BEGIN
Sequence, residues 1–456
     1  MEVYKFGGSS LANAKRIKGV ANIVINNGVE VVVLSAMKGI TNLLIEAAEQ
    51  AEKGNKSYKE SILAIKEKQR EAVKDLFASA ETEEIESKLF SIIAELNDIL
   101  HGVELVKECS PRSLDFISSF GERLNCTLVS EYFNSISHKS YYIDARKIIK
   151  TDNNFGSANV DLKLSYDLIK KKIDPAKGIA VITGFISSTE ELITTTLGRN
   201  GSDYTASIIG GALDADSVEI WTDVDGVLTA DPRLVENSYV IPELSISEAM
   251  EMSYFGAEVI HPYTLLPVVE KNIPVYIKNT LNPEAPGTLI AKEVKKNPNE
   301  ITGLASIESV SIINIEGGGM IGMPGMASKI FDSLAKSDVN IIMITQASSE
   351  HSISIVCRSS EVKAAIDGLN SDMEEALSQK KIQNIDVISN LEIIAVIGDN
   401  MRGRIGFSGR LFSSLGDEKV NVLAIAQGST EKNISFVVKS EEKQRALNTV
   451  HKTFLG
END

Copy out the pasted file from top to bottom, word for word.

Sequence, residues 1–456
     1  MEVYKFGGSS LANAKRIKGV ANIVINNGVE VVVLSAMKGI TNLLIEAAEQ
    51  AEKGNKSYKE SILAIKEKQR EAVKDLFASA ETEEIESKLF SIIAELNDIL
   101  HGVELVKECS PRSLDFISSF GERLNCTLVS EYFNSISHKS YYIDARKIIK
   151  TDNNFGSANV DLKLSYDLIK KKIDPAKGIA VITGFISSTE ELITTTLGRN
   201  GSDYTASIIG GALDADSVEI WTDVDGVLTA DPRLVENSYV IPELSISEAM
   251  EMSYFGAEVI HPYTLLPVVE KNIPVYIKNT LNPEAPGTLI AKEVKKNPNE
   301  ITGLASIESV SIINIEGGGM IGMPGMASKI FDSLAKSDVN IIMITQASSE
   351  HSISIVCRSS EVKAAIDGLN SDMEEALSQK KIQNIDVISN LEIIAVIGDN
   401  MRGRIGFSGR LFSSLGDEKV NVLAIAQGST EKNISFVVKS EEKQRALNTV
   451  HKTFLG